Hearing those words, and the implication they bring with them, the distrust was again triggered, leading Sullivan to quickly call Zelensky’s office and urge “officials to tread more carefully with how they were speaking about the incident.” The relationship was also again in question as Biden seems to have spurned Zelensky’s attempts to arrange a phone call. By late the next day, though Biden had spoken to the Polish president and the NATO Secretary General, he had still not accepted Zelensky’s request to talk.

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Zelensky could have accepted the unanimous finding. Samantha de Bendern, associate fellow of Chatham House covering Russia, said that the “denial is surprising. We have come to expect a much more sophisticated media response from the president… He needed to admit the mistake and apologise.”

Zelensky’s stubborn insistence that Russia had launched a missile strike on a NATO country has shaken the West’s trust in him. “This is getting ridiculous,” one NATO country’s diplomat in Kiev told the Financial Times. “The Ukrainians are destroying [our] confidence in them. Nobody is blaming Ukraine and they are openly lying. This is more destructive than the missile.”

Is it destructive enough to shake Washington’s trust in Zelensky? Five days after the missile strike, former Australian ambassador to Poland and Cambodia Tony Kevin claimed that “There were unmistakeable signs this week of growing Western war-weariness and irritation with Zelensky’s endless demands for more weapons and money.” Then, echoing and amplifying Thomas Friedman’s report that “privately, U.S. officials are a lot more concerned about Ukraine’s leadership than they are letting on,” Kevin added that “There is growing speculation that Zelensky’s position as leader may be weakening. Washington may be considering replacing him, but it remains very unclear how and to what end.”

Kevin’s claim is surprising. It is unexplained and unsourced and does not seem to be corroborated by other reporting. On its own, it needs to be taken very cautiously. However, Kevin is a very respected and well-informed diplomat.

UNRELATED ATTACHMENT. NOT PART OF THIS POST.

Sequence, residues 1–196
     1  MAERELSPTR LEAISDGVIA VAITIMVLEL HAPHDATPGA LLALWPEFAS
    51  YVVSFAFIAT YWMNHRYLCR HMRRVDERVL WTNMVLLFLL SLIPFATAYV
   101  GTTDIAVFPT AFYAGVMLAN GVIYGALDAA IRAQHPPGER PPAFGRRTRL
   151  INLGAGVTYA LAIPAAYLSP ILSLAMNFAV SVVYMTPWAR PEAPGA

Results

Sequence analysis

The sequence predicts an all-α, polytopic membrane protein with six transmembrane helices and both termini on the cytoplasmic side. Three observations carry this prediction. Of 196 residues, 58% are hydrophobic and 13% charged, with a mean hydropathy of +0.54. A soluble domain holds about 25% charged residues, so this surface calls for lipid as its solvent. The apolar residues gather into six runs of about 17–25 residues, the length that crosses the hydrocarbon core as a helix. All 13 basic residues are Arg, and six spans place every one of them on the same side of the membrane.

There is also room for the Biden administration to distrust people other than Zelensky. There is room for the Biden administration to distrust hawkish elements within its own house who may want to push back against the new push for diplomacy. The one line report that first raised the alarm by reporting that “Russian missiles crossed into NATO member Poland, killing two people” was sourced to “A senior U.S. intelligence official.” It was someone in US intelligence who either irresponsibly or deceptively attributed the missile attack on a NATO member to Russia.

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There is also a flipside to Biden being angry with Zelensky for his endless demands for weapons. In the first months of the war, including the April talks in Istanbul, it was the US that stopped Zelensky from negotiating an end to the war with Russia and pushed Ukraine on to fight for US core interests against the Russian superpower. It is not surprising, short of weapons that could strike inside Russia or draw the US into the war, that Zelensky would resent being sent into that fight without the weapons to survive it.

The seemingly endless nature of the war, the constant demands for more weapons and the need for negotiations may have strained the relationship between Biden and Zelensky. The missile that landed in Poland has deepened the distrust and tested that relationship.